ABC's coverage of the Thunder-Heat NBA Finals Game Five pulled a 12.6 overnight rating, even with last year's Mavericks-Heat NBA Finals Game Five. ABC earned a 40.3 overnight rating in the Miami-Ft. Lauderdale market, and a 39.8 in Oklahoma City. The five-game series averaged an 11.8 overnight rating, up 5% from last year's rating through five games. The Heat-Thunder matchup is the NBA Finals' highest five-game overnight rating average since '04. ABC's "Kia NBA Countdown" pulled a 4.6 overnight, up 12% over last year's Game Five pregame show. For the Heat-Thunder series, the pregame show averaged a 3.9 overnight rating, up 8% over last year's 3.6 overnight rating average through five games (THE DAILY).
MISSING OUT? ESPN’s Tony Kornheiser on Thursday said if the series were to end in five games, NBA Commissioner David Stern “can’t be at peace because he would miss Game Six and Game Seven which would be the highest-rated games of the series, they always are.” ESPN’s Michael Wilbon said, “Why would you be pleased with five (games), when you can have seven? Two more games of the advertising dollars brought in by games, that would be your highest-rated games” (“PTI,” ESPN, 6/21).
BEST OF THE BEST: In Oklahoma, Mel Bracht writes, "Among the best shots of the telecast was series MVP LeBron James jumping up and down in the closing minutes and poignant shots of Kevin Durant hugging his mother and brother and Thunder owner Clay Bennett hugging his players." ABC's Jeff Van Gundy "wrapped up the series with his usual strong performance, showing why he is the league's most entertaining game analyst" (OKLAHOMAN, 6/22).
GIVE ME A BOOST? In N.Y., Bill Carter noted ABC's "all-out commitment to pushing Jimmy Kimmel's late-night show during its coverage of the NBA Finals paid off last week with the best ratings for the show in five years, and a first: Mr. Kimmel topped both Jay Leno and David Letterman in the most important late-night ratings category," viewers ages 18 to 49. For the week, "Jimmy Kimmel Live" averaged 934,000 viewers in that group, "his best total" since October '07 (NYTIMES.com, 6/21).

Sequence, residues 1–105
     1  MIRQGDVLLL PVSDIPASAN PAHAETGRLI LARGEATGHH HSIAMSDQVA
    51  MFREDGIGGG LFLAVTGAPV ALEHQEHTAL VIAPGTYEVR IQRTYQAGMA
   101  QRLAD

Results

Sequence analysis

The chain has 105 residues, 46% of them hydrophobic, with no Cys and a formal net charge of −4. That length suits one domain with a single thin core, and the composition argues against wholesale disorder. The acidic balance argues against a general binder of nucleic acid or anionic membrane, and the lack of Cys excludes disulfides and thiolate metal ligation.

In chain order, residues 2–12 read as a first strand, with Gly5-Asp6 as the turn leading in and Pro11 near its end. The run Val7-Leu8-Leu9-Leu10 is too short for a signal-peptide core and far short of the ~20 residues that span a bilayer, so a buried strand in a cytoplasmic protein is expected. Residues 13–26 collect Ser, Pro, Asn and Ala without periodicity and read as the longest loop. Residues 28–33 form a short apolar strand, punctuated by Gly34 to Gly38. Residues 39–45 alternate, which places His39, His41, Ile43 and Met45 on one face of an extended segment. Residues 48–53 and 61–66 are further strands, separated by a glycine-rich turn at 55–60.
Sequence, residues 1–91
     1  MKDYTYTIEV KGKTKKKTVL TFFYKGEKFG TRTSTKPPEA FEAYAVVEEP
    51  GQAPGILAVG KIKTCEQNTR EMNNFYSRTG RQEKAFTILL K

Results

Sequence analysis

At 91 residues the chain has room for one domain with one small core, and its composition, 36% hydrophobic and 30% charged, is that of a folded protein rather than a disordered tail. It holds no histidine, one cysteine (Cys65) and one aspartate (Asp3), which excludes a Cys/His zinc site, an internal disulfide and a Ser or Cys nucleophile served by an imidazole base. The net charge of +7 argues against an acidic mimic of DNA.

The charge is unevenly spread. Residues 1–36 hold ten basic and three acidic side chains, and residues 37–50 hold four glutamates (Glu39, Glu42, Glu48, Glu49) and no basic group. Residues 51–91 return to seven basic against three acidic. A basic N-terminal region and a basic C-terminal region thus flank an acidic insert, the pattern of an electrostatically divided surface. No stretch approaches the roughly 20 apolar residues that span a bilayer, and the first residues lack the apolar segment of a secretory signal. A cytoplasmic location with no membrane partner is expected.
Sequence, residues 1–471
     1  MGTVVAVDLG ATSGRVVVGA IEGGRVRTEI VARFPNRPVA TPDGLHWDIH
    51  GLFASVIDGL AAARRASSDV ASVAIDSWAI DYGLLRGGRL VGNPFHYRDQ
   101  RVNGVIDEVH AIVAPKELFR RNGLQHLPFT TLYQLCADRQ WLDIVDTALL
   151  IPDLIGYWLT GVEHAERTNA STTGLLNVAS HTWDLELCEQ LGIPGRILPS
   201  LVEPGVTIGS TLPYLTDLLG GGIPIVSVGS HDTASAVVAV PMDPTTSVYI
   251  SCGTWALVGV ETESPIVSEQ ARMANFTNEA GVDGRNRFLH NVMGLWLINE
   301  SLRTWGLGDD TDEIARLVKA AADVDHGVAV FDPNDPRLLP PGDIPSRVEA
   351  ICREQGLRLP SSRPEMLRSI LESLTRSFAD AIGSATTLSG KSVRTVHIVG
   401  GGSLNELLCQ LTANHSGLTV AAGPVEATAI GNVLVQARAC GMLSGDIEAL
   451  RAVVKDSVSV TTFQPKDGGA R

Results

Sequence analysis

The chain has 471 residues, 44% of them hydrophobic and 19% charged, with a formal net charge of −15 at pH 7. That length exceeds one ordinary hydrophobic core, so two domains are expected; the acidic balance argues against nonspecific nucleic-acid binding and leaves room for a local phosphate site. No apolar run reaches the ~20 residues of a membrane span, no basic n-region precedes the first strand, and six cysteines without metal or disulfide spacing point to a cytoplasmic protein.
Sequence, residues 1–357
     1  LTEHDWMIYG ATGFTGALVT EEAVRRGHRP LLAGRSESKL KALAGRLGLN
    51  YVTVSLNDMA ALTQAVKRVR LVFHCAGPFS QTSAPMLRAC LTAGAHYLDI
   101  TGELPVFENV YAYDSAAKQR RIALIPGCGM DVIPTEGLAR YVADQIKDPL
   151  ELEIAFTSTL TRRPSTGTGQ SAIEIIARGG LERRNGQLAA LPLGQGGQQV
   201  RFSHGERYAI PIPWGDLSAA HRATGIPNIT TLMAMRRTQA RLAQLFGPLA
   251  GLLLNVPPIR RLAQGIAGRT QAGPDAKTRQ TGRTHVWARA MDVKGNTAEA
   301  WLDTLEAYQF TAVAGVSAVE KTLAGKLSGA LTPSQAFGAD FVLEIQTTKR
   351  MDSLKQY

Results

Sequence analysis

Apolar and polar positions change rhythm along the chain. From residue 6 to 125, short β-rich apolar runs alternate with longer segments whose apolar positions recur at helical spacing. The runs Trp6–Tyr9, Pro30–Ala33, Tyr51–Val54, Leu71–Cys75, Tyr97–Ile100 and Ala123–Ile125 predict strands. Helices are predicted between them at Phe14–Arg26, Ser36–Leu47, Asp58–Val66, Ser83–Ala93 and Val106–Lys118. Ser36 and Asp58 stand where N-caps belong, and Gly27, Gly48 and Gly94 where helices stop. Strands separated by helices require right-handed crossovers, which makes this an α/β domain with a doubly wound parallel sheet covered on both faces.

YOUTH MOVEMENT: Fox Sports Media Group Chair David Hill said the 18-34 demographic had "disappeared a bit with the NBA, (but) they’ve come roaring back with the NBA.” Young adults “weren’t there for the NBA like five, six years ago.” Hill said the NBA’s “digital initiatives” are a big reason why the league “has drawn that audience sector back” (MULTICHANNEL.com, 6/20).
FAR AND WIDE: In N.Y., Harvey Araton notes the global reach of the NBA and writes there has been a “noticeable contraction in the way the league finals are covered by old print media at home, but also no disputing that the NBA universe continues to expand.” The "evolution of the sport is reflected in the foreign stars who play at the world’s highest level and by who watches, and why” (N.Y. TIMES, 6/22). Also in N.Y., Rob Mahoney wrote, "What began in a Christmas Day fervor has ended with a gift; an exhausting regular-season schedule was upstaged by riveting playoff theater, and has culminated in an unforgettable display of artistry and grandeur in the NBA finals." With the "brutal scheduling quirks of regular season filtered away, the NBA found itself again." Things "may not have been pitch-perfect from the start, but every bit of momentum and magnitude has been regrown in the triumphs of James and Durant, among others" (NYTIMES.com, 6/21).